ethnobotany feralculture local food tending the wild

feral world

Hey, everybody, my main focus really is on obtaining Right Relationship with the planet. We’re living in some dark times in many ways, and it is clear that the infrastructures of the past few generations are dissolving before our eyes. Unfortunately, they are trying to take the Earth with them. When trying to make sense of this, I’m really sick of constructs and abstractions when the phenomenon is in our faces, and more and more so each year. We should actually strive to create something better rather than taking the Earth down with our pathological self-destruction. Even as I write these words I feel the arguments and criticisms of what I say, as if to dismiss the spirit of what I’m saying because of a linguistic rationalization. Global Warming is real, but yet isn’t adequate to describe the much bigger phenomenon that is happening. On human terms, I think it is a changing of the cultural memes, paradigm shift, a new way of living and being. I feel that a sort of cure-all is reconnection with the Earth, and the return of Right Relationship. I believe this will cure cultural sicknesses (many of which manifest physically) at the same time addressing immediate environmental concerns. If anything, I think it is the most respectable way for our species to die.

The details that I gravitate toward however, are with the sacred knowledge of the living beings and landscapes on the planet. So often, enthusiastic concerned Earth citizens become globe-trotting (carbon emissions!) political environmentalists and authors who don’t have a realtionship with the non-human world. I was on this path not so long ago, and now I’m trying to learn all I can about my local ecology and develop personal relationships with its inhabitants. I believe it does little good to be a global earth steward without being rooted in the local. Indigenous cultures . . . this really translates to mean ALL cultures before “the fall” (or whatever you want to call it) and a few remaining that haven’t been consumed by it . . . nearly always had their Axis Mundi — the center of their universe. It was a local place, and from it was the archetypal spirit of their local ecology, including its cultural, personal, and spiritual dimensions. Indigenous cultures are expressions and extenstions of their environment. We in modern culture, cannot “go back” to much of anything. (Actually the entire “going back” construct annoys me as if time were a linear thing, when in fact summer follows winter follows summer is more of time’s beat.) There is not much to “go back” to. Most places cannot go back to eating only native plants because native plant communites are decimated and replaced with a drastically different ecology. Now, a post apocalyptic ecology — with so much devasting change happing in such a tiny amount of time — is what we have to work with. Not an ideal reality of making your ecology look like some faraway place or in the exact pristine way that it was before European (or other Taker culture) invasion. These are abstractions. I’m trying to actually engage and access the reality of my environment, learn about it, and teach others. We either create a new culture, or it will be created for us, or I guess there might not be any culture at all.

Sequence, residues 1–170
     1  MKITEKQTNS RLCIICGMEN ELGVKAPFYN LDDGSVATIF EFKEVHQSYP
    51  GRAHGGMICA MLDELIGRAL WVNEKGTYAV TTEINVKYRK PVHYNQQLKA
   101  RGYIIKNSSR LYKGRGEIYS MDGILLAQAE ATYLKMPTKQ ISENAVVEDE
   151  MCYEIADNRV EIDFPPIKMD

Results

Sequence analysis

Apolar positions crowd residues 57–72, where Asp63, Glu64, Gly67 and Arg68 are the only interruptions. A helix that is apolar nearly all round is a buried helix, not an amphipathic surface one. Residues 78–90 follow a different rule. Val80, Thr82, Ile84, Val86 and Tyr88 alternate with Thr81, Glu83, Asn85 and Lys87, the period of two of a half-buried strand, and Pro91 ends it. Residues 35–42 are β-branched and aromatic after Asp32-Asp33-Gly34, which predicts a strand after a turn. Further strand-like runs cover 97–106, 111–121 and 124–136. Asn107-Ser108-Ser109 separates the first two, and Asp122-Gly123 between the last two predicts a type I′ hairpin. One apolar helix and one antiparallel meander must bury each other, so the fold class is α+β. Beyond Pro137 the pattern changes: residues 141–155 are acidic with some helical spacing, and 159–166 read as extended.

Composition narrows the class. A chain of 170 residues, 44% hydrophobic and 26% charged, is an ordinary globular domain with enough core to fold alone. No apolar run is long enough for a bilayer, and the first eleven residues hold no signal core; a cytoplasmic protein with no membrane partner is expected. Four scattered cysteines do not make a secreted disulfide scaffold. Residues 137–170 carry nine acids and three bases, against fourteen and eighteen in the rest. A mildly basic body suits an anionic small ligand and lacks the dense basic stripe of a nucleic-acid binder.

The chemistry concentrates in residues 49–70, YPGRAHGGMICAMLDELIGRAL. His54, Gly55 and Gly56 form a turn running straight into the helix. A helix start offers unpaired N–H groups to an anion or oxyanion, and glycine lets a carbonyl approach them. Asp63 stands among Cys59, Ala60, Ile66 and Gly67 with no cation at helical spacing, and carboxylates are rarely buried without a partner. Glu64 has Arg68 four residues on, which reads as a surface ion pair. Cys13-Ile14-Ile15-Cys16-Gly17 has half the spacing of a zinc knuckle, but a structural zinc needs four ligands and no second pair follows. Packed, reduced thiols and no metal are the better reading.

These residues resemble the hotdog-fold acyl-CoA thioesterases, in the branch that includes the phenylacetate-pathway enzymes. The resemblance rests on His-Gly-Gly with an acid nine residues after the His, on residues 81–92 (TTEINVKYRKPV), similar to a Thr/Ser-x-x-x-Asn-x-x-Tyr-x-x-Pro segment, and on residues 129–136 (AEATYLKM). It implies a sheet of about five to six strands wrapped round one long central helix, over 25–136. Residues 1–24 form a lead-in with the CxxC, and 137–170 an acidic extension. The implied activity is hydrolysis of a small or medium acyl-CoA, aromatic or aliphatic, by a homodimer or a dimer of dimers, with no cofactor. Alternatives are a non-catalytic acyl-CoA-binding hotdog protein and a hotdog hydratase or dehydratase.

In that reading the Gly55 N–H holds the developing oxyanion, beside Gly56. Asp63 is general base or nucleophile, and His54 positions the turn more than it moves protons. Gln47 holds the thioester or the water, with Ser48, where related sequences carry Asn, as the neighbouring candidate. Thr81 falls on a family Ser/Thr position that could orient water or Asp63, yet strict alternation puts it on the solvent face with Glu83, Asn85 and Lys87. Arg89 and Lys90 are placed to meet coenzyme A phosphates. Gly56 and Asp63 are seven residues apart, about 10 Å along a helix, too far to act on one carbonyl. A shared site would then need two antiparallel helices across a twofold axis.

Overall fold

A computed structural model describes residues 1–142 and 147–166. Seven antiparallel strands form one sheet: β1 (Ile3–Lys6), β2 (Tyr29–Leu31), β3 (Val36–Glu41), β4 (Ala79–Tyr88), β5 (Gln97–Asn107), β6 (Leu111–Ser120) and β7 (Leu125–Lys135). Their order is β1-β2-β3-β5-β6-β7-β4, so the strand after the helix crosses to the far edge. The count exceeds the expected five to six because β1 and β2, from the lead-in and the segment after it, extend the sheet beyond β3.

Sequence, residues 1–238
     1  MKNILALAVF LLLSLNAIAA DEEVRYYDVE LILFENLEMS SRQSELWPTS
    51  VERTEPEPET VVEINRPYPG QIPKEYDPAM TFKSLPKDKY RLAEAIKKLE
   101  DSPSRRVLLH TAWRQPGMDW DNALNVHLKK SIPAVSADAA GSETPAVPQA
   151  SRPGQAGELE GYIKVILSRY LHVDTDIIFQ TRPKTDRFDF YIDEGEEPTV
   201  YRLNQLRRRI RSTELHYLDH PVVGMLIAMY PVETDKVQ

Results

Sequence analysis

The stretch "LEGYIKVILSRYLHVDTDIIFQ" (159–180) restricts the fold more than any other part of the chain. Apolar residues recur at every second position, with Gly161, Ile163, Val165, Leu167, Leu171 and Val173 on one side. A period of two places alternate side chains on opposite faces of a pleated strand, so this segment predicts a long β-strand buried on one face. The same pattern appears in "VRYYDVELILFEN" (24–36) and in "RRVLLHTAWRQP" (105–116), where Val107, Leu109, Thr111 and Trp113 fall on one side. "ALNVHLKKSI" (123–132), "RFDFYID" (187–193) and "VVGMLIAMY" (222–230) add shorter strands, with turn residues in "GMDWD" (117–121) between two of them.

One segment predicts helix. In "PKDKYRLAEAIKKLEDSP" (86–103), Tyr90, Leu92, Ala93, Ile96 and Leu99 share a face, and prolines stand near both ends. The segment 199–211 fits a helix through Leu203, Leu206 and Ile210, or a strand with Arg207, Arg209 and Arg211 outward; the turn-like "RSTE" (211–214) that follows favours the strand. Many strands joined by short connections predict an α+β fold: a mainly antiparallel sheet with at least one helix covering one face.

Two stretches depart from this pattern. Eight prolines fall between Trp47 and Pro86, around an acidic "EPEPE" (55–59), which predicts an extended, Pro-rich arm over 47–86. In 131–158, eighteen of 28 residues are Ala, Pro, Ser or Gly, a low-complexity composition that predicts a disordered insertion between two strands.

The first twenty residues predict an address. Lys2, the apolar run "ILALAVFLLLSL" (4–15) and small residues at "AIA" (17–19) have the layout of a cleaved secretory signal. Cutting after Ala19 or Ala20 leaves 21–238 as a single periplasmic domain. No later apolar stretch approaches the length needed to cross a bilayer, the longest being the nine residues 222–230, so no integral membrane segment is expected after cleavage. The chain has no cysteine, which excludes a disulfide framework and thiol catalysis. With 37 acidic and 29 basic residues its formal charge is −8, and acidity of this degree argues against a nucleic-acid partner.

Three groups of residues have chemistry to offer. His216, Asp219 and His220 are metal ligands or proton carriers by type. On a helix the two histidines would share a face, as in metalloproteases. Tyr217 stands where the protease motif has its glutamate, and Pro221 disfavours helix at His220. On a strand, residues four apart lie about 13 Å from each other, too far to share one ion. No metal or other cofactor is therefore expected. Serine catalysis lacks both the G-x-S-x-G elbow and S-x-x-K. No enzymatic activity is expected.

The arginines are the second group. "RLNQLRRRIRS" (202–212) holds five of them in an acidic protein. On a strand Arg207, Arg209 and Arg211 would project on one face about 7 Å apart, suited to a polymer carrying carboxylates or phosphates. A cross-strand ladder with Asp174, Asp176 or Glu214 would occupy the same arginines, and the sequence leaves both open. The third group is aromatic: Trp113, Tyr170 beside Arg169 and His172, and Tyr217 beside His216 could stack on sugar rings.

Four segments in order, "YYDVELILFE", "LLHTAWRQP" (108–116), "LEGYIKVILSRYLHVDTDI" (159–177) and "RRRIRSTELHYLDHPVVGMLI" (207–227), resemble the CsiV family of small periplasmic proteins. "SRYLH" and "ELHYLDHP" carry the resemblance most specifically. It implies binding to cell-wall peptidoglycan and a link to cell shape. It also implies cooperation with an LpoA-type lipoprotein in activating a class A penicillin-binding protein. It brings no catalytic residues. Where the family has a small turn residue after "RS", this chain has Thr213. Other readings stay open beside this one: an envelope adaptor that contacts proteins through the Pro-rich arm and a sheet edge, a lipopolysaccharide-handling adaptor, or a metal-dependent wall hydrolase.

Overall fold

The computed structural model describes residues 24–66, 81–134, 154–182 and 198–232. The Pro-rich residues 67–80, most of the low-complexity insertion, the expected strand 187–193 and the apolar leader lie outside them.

Feral isn’t a regression. That implies that civilization is a goal and time is linear and the emporer has clothes. We used to have Right Relationship and all humans were wild humans. Then the big extinction happened and with it came this current global civilization and domestication. We became tame humans, losing our wits (our brain size actually dimished). Going feral is a step forward, a beginning on the climb to reclaim our former splendor. Feral is like moving from idiot to student. It is a blessing and an excitement, but also a reminder of how much we’ve lost. Feral is like the first tiny warm spell of the winter, after the sun has just begun to increase, giving birth to a miraculous dandelion flower.

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